Injured Worker in PA Must Specifically Notify Employer of Subsequent Injury

Under the Pennsylvania Workers’ Compensation Act, an injured worker is generally covered for all of the effects of the work injury. Things that would not have happened “but for” the work injury often can be included in the workers’ compensation case. Thus, typically, if an injured worker in PA has a car accident on the way to therapy (for the work injury), the injuries suffered in the subsequent car accident are also covered by workers’ comp.

A recent decision by the Commonwealth Court of Pennsylvania, Matthews v. Workers’ Compensation Appeal Board (WCAB), however, restricts this concept. The injured worker must provide evidence of each aspect of his or her claim, as with any PA workers’ comp claim. Here, Ms. Matthews hurt her knee at work in January, 2003, then had a car accident, while going to therapy for her knee, in September, 2003. Medical evidence showed the January, 2003 injury had healed, but Claimant was disabled from the injuries from the car accident. The Workers’ Compensation Judge (WCJ) found that the work injury should be expanded to include the injuries from the car accident, and awarded ongoing workers’ comp benefits.

On appeal, the WCAB reversed the decision of the WCJ, finding the car accident could not be considered part of the work injury because Claimant never gave notice to her employer of the car accident (though she did notify her employer of the original work injury to her knee). The Commonwealth Court of PA agreed with the WCAB.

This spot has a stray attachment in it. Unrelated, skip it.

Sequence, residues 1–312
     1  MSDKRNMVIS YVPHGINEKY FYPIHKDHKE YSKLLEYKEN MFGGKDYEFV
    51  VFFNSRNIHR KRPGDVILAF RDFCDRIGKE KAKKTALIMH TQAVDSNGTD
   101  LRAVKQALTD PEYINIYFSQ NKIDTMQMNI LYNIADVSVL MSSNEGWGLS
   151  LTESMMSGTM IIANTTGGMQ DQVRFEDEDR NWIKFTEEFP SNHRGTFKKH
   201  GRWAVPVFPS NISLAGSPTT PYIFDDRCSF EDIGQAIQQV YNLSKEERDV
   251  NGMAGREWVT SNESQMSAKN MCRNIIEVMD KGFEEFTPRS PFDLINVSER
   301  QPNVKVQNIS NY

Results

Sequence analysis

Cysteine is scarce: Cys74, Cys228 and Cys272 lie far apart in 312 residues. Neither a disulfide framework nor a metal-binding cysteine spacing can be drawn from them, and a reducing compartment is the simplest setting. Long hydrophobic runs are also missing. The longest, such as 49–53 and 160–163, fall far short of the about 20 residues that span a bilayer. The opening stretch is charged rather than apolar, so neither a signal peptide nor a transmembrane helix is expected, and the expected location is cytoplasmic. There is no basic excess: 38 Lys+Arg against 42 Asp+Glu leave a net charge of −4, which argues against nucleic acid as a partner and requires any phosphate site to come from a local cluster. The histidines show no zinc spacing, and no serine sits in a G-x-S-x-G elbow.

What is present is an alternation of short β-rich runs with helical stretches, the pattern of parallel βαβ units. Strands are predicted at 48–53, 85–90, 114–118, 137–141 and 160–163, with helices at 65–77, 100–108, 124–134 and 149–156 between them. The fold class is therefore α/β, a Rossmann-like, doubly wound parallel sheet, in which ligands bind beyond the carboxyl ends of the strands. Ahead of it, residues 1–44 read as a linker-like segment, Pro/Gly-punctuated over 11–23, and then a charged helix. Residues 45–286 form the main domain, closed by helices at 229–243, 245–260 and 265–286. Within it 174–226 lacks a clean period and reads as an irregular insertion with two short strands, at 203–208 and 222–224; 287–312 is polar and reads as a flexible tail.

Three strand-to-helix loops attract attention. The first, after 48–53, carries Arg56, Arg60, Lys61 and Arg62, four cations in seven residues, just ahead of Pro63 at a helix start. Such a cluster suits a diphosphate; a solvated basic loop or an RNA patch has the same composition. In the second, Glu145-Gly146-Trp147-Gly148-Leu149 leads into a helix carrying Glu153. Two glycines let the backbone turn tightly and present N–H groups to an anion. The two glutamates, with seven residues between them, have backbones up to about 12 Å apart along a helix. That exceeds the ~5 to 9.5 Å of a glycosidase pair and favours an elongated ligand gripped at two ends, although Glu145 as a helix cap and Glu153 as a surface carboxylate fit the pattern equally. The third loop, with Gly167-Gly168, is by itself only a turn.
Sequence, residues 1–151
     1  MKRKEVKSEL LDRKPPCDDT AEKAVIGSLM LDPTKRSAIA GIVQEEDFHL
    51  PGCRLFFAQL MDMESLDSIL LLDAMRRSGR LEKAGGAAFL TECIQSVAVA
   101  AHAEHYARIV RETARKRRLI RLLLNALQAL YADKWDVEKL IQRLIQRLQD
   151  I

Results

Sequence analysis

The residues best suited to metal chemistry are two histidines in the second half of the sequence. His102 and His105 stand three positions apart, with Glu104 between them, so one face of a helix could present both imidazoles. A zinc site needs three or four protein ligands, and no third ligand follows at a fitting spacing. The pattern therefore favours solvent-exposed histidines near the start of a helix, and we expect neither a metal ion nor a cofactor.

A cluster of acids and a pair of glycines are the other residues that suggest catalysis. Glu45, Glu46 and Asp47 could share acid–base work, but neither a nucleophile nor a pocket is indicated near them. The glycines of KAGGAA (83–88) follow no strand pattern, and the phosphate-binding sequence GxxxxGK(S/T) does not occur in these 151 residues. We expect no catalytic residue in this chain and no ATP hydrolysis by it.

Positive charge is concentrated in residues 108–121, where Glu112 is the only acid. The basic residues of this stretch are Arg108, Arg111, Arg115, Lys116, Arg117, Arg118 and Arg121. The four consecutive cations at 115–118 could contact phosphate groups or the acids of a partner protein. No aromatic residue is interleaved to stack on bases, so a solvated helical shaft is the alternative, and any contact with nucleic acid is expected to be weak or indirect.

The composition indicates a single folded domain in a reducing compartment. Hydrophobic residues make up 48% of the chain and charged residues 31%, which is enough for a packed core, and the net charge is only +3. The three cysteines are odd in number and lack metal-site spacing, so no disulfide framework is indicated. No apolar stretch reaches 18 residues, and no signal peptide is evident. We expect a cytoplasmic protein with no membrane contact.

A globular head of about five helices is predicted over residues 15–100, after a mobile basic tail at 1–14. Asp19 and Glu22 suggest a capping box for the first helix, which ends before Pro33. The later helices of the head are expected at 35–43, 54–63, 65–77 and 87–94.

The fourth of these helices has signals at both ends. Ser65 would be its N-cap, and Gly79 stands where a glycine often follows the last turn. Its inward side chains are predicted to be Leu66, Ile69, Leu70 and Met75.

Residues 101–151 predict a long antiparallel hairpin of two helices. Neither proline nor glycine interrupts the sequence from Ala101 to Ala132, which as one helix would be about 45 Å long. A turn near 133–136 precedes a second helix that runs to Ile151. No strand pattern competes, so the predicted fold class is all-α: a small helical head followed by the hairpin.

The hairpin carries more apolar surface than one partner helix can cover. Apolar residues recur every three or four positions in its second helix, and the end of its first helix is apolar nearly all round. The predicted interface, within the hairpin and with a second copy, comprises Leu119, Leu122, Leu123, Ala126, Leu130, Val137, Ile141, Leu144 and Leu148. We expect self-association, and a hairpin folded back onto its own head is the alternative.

The dissent noted that Claimant presented evidence that she was treating with the same panel physician as was treating the initial work-related knee injury. As such, went the dissent, the employer DID have notice of the motor vehicle accident. For the majority, though, this was not deemed sufficient.

Essentially, they are treating the car accident as an “aggravation,” which, under PA workers’ comp law, is a “new injury.” As such, one of the elements an injured worker must prove is that he or she gave notice of the injury within 120 days. As an attorney representing injured workers in Pennsylvania, this decision does not seem fair. The car accident is not a new injury (Ms. Matthews did not go back to work, so how could she have a new injury?). The car accident, to me, is simply a continuation of the existing injury (no different than when we add another diagnosis to an existing claim).

This decision will serve no purpose other than to punish those injured workers who do not get timely legal advice from an experienced Pennsylvania workers’ compensation attorney. There really, to me, is no valid reason to require additional notice for what is truly a continuation of the same injury.

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